Some of the smartest people in the country examine the effects of the pandemic on Aotearoa’s future in 400 words or fewer.
…Matt Roskruge: Māori economic impacts and opportunities arising from Covid-19
The Māori economy is a wonderful success story and a significant contributor to the New Zealand economy. However, Māori workers and their whānau are disproportionately impacted by the health, social and economic impacts of Covid-19.
Māori are still excessively employed in precarious work, vulnerable to changing economic fortunes. Coupled with barriers to economic participation like wealth inequality, systemic racism and discrimination, we get a downturn like Covid-19 creating greater risk to the wellbeing of Māori whānau.
While we cannot ignore the vulnerability facing Māori in the workforce and their whānau, there are some really encouraging signs emerging from Covid-19. The first is the strengths and resilience of both Māori enterprise and the Māori economy generally. While tourism and hospitality remain concerning areas, diversification, low levels of debt and Māori governance and values appear to be contributing to their economic resilience.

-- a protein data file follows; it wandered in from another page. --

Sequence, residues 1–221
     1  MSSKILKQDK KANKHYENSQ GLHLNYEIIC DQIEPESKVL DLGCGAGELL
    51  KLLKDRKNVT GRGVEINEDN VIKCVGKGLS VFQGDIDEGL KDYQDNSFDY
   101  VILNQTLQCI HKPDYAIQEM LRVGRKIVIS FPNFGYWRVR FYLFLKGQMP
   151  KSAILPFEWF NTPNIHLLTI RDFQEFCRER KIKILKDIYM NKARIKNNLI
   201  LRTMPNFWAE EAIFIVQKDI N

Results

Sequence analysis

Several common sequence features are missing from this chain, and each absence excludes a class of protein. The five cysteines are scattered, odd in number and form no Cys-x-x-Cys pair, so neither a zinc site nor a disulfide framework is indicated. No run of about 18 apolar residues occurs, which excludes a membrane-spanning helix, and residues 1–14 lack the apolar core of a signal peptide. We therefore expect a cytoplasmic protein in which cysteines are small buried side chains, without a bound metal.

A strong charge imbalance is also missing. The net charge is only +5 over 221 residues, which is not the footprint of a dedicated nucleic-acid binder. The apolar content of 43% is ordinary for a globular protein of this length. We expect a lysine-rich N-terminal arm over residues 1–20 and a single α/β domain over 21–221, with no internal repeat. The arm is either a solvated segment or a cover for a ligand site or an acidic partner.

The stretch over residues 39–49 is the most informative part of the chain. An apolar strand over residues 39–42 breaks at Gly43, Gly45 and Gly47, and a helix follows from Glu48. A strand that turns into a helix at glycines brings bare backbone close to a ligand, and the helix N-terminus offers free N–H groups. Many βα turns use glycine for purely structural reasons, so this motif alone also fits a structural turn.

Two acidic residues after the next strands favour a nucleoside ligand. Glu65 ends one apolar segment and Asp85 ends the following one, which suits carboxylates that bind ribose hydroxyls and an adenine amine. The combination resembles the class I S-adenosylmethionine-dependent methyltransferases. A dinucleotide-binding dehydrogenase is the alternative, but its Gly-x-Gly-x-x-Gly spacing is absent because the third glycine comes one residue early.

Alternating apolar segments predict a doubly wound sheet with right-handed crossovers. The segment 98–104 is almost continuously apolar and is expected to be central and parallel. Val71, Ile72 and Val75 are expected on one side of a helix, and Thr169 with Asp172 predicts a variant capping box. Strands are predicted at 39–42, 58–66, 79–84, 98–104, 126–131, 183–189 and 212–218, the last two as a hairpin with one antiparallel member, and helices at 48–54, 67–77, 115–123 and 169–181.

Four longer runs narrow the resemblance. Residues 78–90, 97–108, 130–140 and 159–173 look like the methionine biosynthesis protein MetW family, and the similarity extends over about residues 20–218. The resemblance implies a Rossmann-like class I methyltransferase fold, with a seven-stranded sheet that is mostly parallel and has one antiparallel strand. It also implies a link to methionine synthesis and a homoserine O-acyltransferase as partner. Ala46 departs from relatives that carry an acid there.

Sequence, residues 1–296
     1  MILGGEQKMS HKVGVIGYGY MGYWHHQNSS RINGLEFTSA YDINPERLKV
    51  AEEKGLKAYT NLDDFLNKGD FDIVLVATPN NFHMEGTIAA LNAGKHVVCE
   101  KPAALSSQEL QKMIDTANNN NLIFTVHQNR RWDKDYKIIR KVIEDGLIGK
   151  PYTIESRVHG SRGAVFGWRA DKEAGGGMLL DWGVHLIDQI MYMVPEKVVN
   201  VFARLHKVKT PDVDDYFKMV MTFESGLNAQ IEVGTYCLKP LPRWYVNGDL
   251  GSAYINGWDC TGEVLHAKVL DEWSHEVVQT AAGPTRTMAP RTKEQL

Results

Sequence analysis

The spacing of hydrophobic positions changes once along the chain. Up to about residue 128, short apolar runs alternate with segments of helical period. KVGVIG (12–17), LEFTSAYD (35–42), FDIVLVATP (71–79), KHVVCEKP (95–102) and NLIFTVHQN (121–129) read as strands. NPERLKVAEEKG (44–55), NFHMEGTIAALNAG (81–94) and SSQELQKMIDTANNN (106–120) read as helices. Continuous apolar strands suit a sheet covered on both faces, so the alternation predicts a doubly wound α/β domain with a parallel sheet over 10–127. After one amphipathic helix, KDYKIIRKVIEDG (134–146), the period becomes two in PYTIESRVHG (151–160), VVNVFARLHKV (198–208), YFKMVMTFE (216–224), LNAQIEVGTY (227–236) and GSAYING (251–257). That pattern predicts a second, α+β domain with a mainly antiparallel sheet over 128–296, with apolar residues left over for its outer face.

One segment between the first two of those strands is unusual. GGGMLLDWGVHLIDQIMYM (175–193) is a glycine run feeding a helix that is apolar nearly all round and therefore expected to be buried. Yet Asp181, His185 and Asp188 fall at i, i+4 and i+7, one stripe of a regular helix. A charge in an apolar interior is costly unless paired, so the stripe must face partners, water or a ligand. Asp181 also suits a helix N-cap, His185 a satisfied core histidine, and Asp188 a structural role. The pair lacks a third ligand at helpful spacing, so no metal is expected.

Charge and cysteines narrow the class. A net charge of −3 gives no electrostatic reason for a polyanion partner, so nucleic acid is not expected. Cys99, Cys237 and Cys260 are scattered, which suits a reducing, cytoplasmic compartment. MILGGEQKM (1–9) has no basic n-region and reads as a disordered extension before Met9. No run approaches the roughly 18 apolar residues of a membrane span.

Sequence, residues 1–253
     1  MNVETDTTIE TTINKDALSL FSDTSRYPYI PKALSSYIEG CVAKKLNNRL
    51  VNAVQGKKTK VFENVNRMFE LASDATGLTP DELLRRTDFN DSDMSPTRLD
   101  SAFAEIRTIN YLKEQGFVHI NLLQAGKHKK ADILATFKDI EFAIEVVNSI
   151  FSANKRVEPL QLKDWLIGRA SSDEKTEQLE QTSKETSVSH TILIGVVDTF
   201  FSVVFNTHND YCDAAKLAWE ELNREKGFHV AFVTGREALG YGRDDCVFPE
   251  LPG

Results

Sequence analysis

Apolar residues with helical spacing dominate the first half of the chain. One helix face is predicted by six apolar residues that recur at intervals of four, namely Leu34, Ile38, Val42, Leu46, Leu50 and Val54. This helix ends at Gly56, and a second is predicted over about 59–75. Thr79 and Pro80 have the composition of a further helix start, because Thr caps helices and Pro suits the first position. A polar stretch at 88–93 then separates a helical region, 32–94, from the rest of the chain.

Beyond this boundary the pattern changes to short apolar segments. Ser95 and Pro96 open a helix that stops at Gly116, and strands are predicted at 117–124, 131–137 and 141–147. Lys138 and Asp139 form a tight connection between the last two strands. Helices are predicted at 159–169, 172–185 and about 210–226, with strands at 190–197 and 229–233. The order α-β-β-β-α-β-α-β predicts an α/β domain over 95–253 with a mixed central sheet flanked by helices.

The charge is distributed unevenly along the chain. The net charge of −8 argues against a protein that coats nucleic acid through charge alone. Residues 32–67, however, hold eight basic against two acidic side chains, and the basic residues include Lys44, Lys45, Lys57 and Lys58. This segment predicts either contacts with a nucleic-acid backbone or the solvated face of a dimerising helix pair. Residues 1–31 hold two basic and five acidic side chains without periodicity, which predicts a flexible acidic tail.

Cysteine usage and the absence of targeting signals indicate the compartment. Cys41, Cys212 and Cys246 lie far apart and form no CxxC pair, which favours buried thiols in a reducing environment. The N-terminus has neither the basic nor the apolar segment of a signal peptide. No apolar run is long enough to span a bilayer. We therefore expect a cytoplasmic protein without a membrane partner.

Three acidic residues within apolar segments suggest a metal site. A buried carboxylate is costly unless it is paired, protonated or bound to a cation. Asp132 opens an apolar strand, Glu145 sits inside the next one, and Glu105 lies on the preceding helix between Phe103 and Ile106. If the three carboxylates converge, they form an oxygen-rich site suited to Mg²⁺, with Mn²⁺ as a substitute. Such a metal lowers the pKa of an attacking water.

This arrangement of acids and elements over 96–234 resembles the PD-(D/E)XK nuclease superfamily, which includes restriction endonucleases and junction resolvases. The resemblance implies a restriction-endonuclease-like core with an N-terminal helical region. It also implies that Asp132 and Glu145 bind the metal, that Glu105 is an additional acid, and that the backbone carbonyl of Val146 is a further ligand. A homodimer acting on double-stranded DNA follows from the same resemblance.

However, there is no point having vibrant and strong Māori enterprises if Māori whānau are struggling. Solutions include finding employment and wealth creation opportunities for whānau, empowering Māori entrepreneurs and innovators, and finding our own solutions to stubborn social and economic problems.
We also need to ensure that the inevitable opportunities for wealth creation which follow an economic downturn are equitable. Ordinarily, the benefits of that recovery are disproportionately realised by those with significant wealth, and inequality grows. However, with the strength of the Māori economy we’re in a position to realise the benefits of the recovery through investment, innovation, entrepreneurship and strategic use of the now significant wealth held within parts of the Māori economy.
With the excellent leadership, entrepreneurial mindsets and commitment to Māori values we see in the Māori economy, there is every possibility that we can survive and thrive in the face of this and future crises.
Dr Matt Roskruge (Te Ātiawa, Ngāti Tama) is co-director of Te Au Rangahau, Massey University